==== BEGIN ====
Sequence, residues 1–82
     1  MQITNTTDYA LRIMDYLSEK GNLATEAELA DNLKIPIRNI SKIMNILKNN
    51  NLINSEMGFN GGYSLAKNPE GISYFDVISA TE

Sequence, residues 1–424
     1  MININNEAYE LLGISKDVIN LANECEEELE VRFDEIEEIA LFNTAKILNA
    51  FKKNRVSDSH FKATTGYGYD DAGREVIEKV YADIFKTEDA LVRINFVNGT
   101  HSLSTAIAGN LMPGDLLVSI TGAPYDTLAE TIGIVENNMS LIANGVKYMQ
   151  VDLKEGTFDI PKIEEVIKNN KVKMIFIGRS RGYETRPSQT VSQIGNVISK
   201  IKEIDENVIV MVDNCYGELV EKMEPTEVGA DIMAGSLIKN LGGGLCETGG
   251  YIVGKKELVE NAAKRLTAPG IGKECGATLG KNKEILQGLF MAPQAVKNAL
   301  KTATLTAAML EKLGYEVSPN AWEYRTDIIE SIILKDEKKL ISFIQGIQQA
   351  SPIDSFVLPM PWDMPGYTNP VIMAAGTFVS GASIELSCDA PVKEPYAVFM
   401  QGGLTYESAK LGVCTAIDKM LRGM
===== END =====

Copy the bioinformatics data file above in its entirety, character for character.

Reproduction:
Sequence, residues 1–82
     1  MQITNTTDYA LRIMDYLSEK GNLATEAELA DNLKIPIRNI SKIMNILKNN
    51  NLINSEMGFN GGYSLAKNPE GISYFDVISA TE

Sequence, residues 1–424
     1  MININNEAYE LLGISKDVIN LANECEEELE VRFDEIEEIA LFNTAKILNA
    51  FKKNRVSDSH FKATTGYGYD DAGREVIEKV YADIFKTEDA LVRINFVNGT
   101  HSLSTAIAGN LMPGDLLVSI TGAPYDTLAE TIGIVENNMS LIANGVKYMQ
   151  VDLKEGTFDI PKIEEVIKNN KVKMIFIGRS RGYETRPSQT VSQIGNVISK
   201  IKEIDENVIV MVDNCYGELV EKMEPTEVGA DIMAGSLIKN LGGGLCETGG
   251  YIVGKKELVE NAAKRLTAPG IGKECGATLG KNKEILQGLF MAPQAVKNAL
   301  KTATLTAAML EKLGYEVSPN AWEYRTDIIE SIILKDEKKL ISFIQGIQQA
   351  SPIDSFVLPM PWDMPGYTNP VIMAAGTFVS GASIELSCDA PVKEPYAVFM
   401  QGGLTYESAK LGVCTAIDKM LRGM